KUALA LUMPUR (June 29): Stakes in Digital Nasional Bhd — the special-purpose vehicle set up to roll out the 5G network nationwide — may have been taken up by telco players at the eleventh hour, ahead of Thursday’s (June 30) deadline for them to finalise their decision.
According to a report by Singapore’s Straits Times (ST), industry sources claim that a non-binding term sheet had been agreed upon by six telcos ahead of the deadline, along with a shareholders agreement to take up a stake in DNB, which is expected to be signed early next month.
"We are just doing due diligence, which should be completed within a fortnight," sources told the ST on condition of anonymity due to non-disclosure agreements signed when negotiations began earlier this month.
Other sources told the daily that out of nine telcos, only six, including Celcom Axiata Bhd, Digi.com Bhd, Maxis Bhd and U Mobile Sdn Bhd, or collectively known as (CDMU), will take up equal shares in DNB.
Based on a planned injection of RM500 million by the Ministry of Finance (MoF) for the government's 30% stake, it implies each of the six telcos will cough up around RM200 million for a 12% share, said the report.
The ST was also made to understand that the agreement will include a price review that will be overseen by the Malaysian Communications and Multimedia Commission (MCMC) every three years.
The report added that wholesale pricing will be discounted until DNB achieves 80% nationwide coverage which is expected to happen only by 2024.
Shares of listed mobile network operator Maxis Bhd settled four sen or 1.22% higher at RM3.33 on Wednesday, while Telekom Malaysia Bhd shares rose one sen or 0.19% to RM5.23.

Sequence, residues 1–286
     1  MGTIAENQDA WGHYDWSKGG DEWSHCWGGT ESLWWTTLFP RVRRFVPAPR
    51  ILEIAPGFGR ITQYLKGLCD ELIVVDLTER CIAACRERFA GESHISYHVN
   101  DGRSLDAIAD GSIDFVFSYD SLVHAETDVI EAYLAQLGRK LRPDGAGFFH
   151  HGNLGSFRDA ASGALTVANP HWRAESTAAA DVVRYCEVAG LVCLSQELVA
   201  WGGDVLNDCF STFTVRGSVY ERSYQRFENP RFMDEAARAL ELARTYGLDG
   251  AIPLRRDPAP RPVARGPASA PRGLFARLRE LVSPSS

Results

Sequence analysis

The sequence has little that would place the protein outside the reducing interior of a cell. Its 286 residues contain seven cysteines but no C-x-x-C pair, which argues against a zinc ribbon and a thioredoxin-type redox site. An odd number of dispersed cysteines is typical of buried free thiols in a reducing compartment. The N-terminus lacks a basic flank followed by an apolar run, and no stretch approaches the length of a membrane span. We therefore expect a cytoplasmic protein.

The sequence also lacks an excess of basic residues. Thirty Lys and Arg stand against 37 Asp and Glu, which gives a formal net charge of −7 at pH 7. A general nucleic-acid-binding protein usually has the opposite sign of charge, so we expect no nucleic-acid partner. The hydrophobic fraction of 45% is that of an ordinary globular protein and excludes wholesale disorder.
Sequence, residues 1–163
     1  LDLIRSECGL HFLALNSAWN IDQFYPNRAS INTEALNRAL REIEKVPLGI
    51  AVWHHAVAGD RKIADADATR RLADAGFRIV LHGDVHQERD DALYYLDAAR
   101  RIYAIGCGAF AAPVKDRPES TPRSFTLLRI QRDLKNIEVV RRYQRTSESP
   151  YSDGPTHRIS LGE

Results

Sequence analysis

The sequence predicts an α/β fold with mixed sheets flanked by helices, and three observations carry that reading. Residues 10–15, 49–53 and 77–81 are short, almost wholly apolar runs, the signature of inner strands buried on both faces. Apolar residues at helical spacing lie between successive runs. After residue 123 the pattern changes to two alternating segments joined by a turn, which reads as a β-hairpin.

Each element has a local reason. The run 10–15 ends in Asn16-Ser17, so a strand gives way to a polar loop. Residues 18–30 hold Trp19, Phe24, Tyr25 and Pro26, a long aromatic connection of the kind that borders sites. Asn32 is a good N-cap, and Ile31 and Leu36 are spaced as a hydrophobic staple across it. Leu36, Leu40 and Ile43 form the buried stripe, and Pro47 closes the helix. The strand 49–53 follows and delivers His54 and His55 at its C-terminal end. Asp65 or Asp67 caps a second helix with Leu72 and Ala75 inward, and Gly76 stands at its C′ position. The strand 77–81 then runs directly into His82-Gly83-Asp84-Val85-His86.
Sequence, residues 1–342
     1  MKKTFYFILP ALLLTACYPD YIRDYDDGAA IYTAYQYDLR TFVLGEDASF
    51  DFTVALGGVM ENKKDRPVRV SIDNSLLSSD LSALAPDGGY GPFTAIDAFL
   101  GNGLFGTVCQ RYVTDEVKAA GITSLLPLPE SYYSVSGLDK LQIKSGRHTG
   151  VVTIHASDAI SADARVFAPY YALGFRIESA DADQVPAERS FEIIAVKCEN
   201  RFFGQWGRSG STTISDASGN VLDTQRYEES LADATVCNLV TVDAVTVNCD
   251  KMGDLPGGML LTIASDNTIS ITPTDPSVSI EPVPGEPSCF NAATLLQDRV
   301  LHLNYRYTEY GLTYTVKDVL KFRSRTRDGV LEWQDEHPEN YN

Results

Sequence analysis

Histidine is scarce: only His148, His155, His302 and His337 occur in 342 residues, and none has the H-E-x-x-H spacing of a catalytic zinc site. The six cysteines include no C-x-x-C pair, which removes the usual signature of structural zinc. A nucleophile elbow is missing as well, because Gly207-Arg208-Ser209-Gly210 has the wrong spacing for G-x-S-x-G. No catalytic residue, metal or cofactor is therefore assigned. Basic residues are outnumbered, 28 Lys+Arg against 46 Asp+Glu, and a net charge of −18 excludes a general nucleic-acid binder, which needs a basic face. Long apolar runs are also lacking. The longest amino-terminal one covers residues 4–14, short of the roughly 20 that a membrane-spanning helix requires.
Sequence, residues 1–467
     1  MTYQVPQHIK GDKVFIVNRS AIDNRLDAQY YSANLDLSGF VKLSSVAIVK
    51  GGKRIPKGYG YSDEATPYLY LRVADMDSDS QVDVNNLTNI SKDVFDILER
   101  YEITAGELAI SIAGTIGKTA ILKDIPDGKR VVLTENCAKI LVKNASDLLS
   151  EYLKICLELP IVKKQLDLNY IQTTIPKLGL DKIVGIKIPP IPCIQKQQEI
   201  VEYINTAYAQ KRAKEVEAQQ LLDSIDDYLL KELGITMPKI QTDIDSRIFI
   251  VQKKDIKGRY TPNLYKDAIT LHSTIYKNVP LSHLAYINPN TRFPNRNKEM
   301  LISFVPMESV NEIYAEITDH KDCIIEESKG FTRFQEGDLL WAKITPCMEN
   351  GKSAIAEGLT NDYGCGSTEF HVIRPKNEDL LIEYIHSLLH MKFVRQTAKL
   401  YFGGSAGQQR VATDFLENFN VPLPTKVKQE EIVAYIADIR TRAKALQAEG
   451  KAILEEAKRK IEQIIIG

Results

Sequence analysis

Also closing higher were shares of Axiata Group Bhd (up five sen or 1.78% at RM2.86) and DiGi.Com Bhd (up 17 sen or 5.23%) at RM3.42, amid news that the Malaysia Communications and Multimedia Commission (MCMC) said it has no objection to the proposed Celcom-Digi merger.
The new developments came about after Putrajaya appeared to have put some pressure on the telcos to take up the two deals following the MoF's announcement that it would not extend the June 30 deadline, and that the government would consider other options.
The options include issuing licences to new players who are keen on offering 5G under the single network model (SWN), Finance Minister Tengku Datuk Seri Zafrul Abdul Aziz was quoted by ST as saying in a June 16 interview.
Previously, the Big Four — namely CDMU — had insisted on holding a controlling 51% stake in DNB.
Tengku Zafrul had said an extension of the deadline to "early July, but no later than that" is possible if it is required to tie up loose ends.
5G has been widely available in the neighbouring countries of Singapore and Thailand, with regional peers like the Philippines, Indonesia and Vietnam ahead of Malaysia in terms of their deployment timelines.
At last count, only Telekom Malaysia Bhd and YTL Communications Sdn Bhd (YES) had opted to take an equity stake with DNB, with the latter (YES) becoming the first telco in the nation to offer its 5G service network to the public.
Others including CDMU had wanted a dual wholesale network (DWN) model on the basis of better optimising availability and pricing of 5G.
Their resistance also led to further delays before Putrajaya eventually compromised in March this year by offering telco firms a 70% stake in DNB to ensure they have a say in the 5G rollout.